Spring is an ideal time to visit Manhattan. So why not live like the locals do?
It felt both awkward and strangely comforting when we turned up at Winston's Manhattan apartment, dumped our bags and set about making ourselves at home in his home. Awkward, as our reason for visiting was not to see Winston. And comforting because we were about to relieve him of his house keys, see him politely to the door and live it up in his plush apartment for a week.

Any feelings of guilt for throwing a man out of his own home soon disappeared when we settled up the week's rent: $2,363 (around pounds 1,500). That might sound expensive, but split between six friends, it worked out at a thrifty 57 bucks a night (around pounds 35) for a spacious 10th-floor apartment located right on Central Park South.

When you consider that the 1999 hotel occupancy forecast for Manhattan is 81.3 per cent in 1998 - and with average room rates topping $200 a night - renting an apartment makes a comfortable and surprisingly cost- effective alternative.

Yet most of the guide books seem to skim over this option. We found our apartment on the Internet through New York Habitat. All the formalities were completed by fax from the UK, which meant that all we had to do was pick up the keys from the owner on arrival.

This is perhaps the one area of uncertainty. What if the accommodation is an absolute dump when you arrive? It's a possible worst-case scenario if booking privately with some of the unregulated sub-letting that is available on the Internet and in the New York listing magazines, but all the agencies that are listed on the right claimed to regularly inspect the properties on their books and you are usually able to view the accommodation online.

In fact, although looking pretty smart in the pictures, Winston's place was much bigger and far more appealing when we arrived. The interior featured an intriguing collection of original artwork and cluttered book shelves, and was crammed with musical curiosities reflecting his profession as an opera director, including an ageing grand piano in the corner. Home comforts included a television and video recorder, stereo, e-mail facilities, free local calls and a monstrous fridge to fill with beers, olives, homestead orange juice and the leftovers from last night's pizza.

All in all, renting Winston's home worked out well for us. OK, so we had to service our own rooms and stock our own mini bar, but these are sacrifices worth making to be able to enjoy the company of your friends in a communal space rather than the often sterile environment of a hotel.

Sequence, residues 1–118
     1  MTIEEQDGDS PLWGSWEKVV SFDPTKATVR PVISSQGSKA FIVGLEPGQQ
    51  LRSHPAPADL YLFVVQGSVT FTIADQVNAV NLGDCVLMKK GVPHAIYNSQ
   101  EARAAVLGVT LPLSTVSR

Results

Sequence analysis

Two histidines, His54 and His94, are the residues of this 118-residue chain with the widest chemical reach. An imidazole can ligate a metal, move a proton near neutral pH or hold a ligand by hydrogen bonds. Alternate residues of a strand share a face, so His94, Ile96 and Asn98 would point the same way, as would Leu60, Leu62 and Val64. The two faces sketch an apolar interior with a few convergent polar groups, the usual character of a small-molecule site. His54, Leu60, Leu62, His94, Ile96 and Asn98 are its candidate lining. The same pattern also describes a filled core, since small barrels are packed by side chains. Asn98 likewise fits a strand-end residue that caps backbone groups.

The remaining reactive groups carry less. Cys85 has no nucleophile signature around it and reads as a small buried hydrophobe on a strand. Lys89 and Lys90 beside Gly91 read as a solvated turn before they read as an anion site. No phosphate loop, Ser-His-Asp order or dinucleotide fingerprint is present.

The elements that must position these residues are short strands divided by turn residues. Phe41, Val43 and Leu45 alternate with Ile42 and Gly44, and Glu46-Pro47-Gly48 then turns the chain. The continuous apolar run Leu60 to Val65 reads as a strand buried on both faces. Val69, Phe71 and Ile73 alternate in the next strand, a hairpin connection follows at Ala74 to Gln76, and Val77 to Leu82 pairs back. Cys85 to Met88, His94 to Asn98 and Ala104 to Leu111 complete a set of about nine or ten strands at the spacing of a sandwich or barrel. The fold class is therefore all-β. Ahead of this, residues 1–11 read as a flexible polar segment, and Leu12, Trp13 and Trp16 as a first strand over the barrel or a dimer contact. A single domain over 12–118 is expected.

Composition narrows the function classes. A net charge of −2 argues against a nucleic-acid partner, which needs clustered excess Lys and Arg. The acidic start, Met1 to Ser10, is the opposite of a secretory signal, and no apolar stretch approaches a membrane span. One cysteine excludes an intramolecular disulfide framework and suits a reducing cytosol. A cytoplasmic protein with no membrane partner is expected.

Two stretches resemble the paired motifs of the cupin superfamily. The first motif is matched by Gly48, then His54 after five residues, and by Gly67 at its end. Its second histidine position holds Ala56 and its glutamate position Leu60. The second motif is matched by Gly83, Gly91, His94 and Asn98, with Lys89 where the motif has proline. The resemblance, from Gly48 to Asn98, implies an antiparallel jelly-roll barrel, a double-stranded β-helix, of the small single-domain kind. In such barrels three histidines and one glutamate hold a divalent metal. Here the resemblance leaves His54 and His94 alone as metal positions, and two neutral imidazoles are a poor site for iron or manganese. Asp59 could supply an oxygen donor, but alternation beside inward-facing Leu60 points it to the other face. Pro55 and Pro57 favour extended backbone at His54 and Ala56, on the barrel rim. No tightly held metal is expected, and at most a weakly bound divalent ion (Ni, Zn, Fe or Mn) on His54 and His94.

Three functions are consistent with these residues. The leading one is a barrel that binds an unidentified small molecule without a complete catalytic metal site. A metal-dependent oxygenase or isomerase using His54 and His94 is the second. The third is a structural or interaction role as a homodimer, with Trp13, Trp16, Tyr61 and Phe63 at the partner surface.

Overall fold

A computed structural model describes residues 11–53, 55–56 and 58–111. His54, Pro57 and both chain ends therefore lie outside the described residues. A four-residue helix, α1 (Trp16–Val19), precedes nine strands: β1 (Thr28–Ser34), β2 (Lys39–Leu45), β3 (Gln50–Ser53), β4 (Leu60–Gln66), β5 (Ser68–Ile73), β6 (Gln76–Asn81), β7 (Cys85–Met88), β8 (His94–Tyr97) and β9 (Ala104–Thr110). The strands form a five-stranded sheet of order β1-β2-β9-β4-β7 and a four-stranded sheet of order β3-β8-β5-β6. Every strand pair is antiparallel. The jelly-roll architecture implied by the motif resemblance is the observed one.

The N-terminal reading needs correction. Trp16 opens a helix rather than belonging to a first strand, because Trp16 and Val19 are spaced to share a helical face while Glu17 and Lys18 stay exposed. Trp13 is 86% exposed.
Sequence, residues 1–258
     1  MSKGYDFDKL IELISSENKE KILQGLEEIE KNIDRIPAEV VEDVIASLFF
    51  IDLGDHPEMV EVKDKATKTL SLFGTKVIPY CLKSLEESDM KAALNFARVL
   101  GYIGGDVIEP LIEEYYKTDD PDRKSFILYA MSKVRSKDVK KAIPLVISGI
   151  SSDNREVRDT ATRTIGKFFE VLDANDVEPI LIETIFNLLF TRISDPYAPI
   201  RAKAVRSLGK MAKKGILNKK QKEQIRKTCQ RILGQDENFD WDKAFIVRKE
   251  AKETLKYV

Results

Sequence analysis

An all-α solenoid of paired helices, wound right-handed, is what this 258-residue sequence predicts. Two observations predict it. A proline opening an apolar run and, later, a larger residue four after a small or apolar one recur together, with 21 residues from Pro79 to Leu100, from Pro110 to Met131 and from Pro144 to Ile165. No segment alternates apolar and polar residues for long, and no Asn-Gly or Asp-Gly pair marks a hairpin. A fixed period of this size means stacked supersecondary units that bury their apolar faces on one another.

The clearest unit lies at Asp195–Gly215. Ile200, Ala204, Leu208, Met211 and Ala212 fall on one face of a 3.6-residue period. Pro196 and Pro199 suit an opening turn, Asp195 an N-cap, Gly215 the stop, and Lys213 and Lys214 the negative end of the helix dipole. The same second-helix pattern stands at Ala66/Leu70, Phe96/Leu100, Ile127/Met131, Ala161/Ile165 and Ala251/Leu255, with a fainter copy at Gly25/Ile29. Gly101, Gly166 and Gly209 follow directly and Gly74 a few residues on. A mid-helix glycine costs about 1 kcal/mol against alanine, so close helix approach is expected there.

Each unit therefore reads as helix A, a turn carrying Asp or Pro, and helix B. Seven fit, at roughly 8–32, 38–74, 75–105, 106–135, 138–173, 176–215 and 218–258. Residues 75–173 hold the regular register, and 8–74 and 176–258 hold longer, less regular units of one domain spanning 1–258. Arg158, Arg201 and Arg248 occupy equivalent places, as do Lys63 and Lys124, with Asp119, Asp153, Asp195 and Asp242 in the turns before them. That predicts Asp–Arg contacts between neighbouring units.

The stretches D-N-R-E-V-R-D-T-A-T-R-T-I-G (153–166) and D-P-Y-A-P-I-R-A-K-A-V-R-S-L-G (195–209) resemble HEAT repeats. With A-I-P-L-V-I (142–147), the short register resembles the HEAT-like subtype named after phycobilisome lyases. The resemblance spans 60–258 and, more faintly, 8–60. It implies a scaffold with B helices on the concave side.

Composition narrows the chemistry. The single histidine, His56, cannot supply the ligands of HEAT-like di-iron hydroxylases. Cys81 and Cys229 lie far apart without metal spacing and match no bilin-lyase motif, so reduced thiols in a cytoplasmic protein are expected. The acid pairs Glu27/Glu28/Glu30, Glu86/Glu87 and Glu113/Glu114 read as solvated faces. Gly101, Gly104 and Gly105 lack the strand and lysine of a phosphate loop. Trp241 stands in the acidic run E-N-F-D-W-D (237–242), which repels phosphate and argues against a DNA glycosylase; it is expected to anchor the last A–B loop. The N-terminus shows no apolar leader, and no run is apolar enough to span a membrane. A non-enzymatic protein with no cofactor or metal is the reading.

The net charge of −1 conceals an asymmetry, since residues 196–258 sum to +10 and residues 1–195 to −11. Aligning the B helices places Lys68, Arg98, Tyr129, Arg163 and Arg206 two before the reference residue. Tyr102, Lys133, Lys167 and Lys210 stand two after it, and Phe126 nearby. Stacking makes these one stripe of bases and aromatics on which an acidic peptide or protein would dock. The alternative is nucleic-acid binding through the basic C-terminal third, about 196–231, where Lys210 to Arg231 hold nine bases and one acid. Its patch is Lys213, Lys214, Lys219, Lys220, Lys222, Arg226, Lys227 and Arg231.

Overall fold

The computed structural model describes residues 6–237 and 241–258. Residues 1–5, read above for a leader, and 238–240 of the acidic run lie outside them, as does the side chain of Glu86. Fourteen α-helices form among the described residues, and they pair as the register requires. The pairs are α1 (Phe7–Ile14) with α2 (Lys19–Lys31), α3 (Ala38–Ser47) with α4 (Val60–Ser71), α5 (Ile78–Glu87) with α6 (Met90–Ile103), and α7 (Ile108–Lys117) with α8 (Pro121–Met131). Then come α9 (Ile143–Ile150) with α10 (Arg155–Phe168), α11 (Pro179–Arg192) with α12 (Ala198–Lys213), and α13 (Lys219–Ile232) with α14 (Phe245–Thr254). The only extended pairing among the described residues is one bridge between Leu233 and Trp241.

There is one downside. When the lethargy sets in after a day's shopping and touring the sights, it's all too easy to stop off at a deli, pick up a six-pack and a Caesar salad and waste an evening in one of the world's most exciting cities engaged in the most mind-numbing of stateside activities: watching TV.

Further Information

New York Habitat (www.nyhabitat.com)

550 short-term vacation rentals in Manhattan, Brooklyn and Queens.

307 7th Avenue, Suite 306, New York City, NY 10001 (00 1 212 627 1416 or: rent@ nyhabitat.com)

Big Apple Lodgings (www.b-apple.com)

Online B&B registry and short-term apartment rental covering Manhattan, Brooklyn and Long Island. Minimum stay two nights in properties ranging from studios to five-bedroom apartments.

Charles on 00 1 718 953 4590 or: info@b-apple.com)

Ingrite's Short-Term Apartments (www.ingrite.com)

Offers completely furnished townhouse apartments in midtown Manhattan. Properties are $120 to $300 per night.

Ingrite Rieck (00 1 212 980 3082 or: ingrite@aol.com)

Oxbridge Property Services

One-bedroom accommodation from $135 per night, two-bedroom from $225.

1623 Third Avenue, Suite 104, New York, NY 10128 (00 1 212 348 8100 or: oxbridge@ aol.com)

Assured Accommodation Inc (www.assurednyc.com)

Studios and one-bedroom apartments from $150 per night, two- and three- bedroom apartments ranging between $250-$500, minimum stay three nights.

00 1 212 431 0569 or: mail@assurednyc.com)

Urban Ventures (www.nyurbanventures.com)

New York's best-known agency, representing more than 500 properties from studios at $105 per night to a Central Park West penthouse offering "views of the world (call for details)".

38 West 32nd Street, Suite 1412, New York City, NY 10001 (00 1 212 594 5650. Fax or: anne@nyurbanventures.com)

Alternative Business Accommodations (www.rent.net/ads/aba)

Studios for a minimum of one month with porter, maid service and a range of extras from $2,850 per month, one-bedroom apartments from $3,600 per month.

PO Box 7147 FDR Station, New York City, NY 10150 (00 1 212 4450494 or: altbusac@erols.com)